Okay, fine, but note that Scandinavia is a peninsula, and the area just north of the Nordic part is inhabited by people (the Sami/Lapps) who don’t even speak an Indo-European language. Neither do the nearby Finns. Assuming those folks were already there when the proto-German speakers arrived, how did they get from the Indo-European urheimat, just north of the Caucasus mountains, to southern Norway and Sweden, without significantly occupying either northern/eastern Finnoscandia nor central/eastern Europe?

Further, once they arrived in southern Scandinavia, what prompted them to head southward again?

During the initial years of Germanic expansion, the heart of central and western Europe was occupied by Celtic peoples, notably the Hallstatt and La Tene cultures (yes I have another map!)

Yellow: Hallstatt territory, 6th cen BC
Teal: Celtic expansion by 275 BC
Light Grey: Lusitanian area of Iberia where Celtic presence is uncertain
Green: Areas where Celtic languages remain widely spoken today

While the modern Celtic languages are nearly forgotten outside of Ireland and Wales, the pre-Roman Celtic range was quite impressive. Around 390 BC, the Celts sacked Rome; around 280 BC, they defeated the Greeks at the Battle of Thermopylae, attacked Delphi, and eventually made their way to Turkey (well, Anatolia), where they established the Kingdom of Galatia. The Galatians earned themselves enduring fame by receiving a letter from St. Paul, which is now the ninth book of the New Testament.

So around 500 BC, the Celts were clearly a force to be reckoned with throughout much of Europe. Then came the Germanics from the north (perhaps they felt pressure from the Sami?) and the Italics from the south.The Germanics spread principally to the east, through modern Poland (which I hear is very flat and thus easy to move through,) and into the core Hallstatt areas of Austria and Switzerland, while the Romans conquered the Celtic areas of France, Spain, and England. (Modern names, obviously.)

As the Roman empire crumbled, the Germans invaded (YES ANOTHER MAP!) and basically conquered everything in their path.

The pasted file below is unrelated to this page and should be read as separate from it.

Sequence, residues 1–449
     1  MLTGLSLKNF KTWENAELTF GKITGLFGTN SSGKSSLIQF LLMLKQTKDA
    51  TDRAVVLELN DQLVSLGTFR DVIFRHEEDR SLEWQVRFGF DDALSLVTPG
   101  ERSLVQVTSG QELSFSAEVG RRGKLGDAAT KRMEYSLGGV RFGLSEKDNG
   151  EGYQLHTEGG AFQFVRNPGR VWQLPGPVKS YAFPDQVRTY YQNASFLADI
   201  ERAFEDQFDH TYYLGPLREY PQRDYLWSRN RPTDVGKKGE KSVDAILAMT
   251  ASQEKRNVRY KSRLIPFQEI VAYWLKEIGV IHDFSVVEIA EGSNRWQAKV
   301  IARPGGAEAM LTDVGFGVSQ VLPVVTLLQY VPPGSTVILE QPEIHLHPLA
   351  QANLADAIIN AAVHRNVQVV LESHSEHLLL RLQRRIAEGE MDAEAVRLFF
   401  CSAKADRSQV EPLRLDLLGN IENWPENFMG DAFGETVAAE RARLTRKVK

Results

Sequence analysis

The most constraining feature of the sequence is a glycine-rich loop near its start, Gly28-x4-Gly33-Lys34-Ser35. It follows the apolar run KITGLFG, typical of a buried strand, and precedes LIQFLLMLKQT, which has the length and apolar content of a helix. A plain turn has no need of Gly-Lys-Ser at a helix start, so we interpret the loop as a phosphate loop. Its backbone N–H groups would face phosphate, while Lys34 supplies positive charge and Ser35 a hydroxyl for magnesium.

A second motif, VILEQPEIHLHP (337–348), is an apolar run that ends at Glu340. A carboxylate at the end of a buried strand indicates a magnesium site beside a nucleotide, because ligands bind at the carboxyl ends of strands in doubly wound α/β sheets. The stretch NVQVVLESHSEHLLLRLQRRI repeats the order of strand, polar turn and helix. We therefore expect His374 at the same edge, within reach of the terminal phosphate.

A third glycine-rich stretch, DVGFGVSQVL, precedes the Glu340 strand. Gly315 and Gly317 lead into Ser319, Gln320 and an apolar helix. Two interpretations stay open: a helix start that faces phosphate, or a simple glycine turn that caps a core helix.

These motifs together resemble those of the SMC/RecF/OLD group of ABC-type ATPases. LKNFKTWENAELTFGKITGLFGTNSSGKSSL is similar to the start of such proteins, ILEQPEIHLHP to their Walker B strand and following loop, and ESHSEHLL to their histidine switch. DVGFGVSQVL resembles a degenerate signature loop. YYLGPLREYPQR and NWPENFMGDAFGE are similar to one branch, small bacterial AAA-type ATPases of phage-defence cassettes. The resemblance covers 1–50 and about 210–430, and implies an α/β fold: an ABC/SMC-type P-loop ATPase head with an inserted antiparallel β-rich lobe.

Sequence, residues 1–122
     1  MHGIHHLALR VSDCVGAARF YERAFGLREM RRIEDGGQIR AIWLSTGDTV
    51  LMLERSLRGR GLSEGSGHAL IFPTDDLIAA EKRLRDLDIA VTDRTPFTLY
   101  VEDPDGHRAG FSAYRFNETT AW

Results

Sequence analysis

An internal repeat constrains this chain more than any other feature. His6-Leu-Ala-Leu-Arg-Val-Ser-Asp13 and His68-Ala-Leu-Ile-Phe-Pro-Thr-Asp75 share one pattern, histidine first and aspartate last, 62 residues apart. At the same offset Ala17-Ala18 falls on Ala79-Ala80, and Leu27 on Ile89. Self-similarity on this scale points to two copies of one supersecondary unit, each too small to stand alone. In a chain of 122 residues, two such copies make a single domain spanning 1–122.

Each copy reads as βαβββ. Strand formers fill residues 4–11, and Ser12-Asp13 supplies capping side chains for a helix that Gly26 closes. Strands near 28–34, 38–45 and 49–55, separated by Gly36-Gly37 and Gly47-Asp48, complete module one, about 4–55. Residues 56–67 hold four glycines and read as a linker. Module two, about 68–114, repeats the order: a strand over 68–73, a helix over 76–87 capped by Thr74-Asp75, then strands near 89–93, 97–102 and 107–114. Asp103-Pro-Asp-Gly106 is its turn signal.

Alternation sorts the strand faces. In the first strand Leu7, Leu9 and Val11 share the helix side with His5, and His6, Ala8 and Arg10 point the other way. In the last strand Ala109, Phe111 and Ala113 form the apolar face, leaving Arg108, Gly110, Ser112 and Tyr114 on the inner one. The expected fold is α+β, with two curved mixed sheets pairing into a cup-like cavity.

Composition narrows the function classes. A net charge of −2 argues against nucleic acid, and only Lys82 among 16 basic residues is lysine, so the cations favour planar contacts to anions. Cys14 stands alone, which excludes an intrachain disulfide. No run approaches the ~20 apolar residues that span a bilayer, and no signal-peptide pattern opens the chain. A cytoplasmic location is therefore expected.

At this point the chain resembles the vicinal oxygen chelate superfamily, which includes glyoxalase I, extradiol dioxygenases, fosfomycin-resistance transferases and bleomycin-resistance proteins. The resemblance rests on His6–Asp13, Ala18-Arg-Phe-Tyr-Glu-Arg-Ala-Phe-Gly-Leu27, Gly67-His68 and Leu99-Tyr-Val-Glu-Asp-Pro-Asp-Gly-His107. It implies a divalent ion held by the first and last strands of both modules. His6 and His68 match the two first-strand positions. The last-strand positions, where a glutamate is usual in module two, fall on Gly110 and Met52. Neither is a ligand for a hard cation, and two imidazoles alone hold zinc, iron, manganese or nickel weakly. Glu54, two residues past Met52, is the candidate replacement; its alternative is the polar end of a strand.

Simplified map of the German migrations of the 2nd through 5th centuries

And then, of course, the Norse went and invaded a whole bunch of places, too, so that England effectively got invaded twice by different Germanic tribes–first the Angles/Saxons/Jutes, and second the Normans.

I’m going to skip the map of the Viking expansion, but you’re probably already well aware of their most far-flung settlements in Iceland, Greenland, and Vinland (North America.) They looted north Africa, settled in southern Italy, and apparently created the first Russian kingdoms, the Kievan Rus and the Volga Bulgars.

Obviously not all of the places the Germanics conquered ended up speaking Germanic languages–I haven’t heard of much Norwegian being spoken in Sicily lately. Nor did all of the places which today speak Germanic languages end up with many Germanic people in them–a small band of conquerors can impose their language on a much larger subject population, and then a small band of warriors from that population can turn around and go conquer someone else and impose the language on them in turn, resulting in a language being spoken by people with very no genetic relationship at all to the original speakers.

For example, even though everyone in England speaks English, very little (only 30%) of the modern English DNA comes from the Angles (or any Germanic tribe)–most of it hails from the pre-Germanic, presumably Celtic population. The English, in turn, conquered large swathes of the globe, and today English is spoken (often as a second language) by folks with zero Germanic ancestry in far-flung places like India, South Africa, and Japan (conquered by the US.)

So our next post, we’ll turn our attention to the Germanic peoples. Where are they now, and how distinct are they from their neighbors?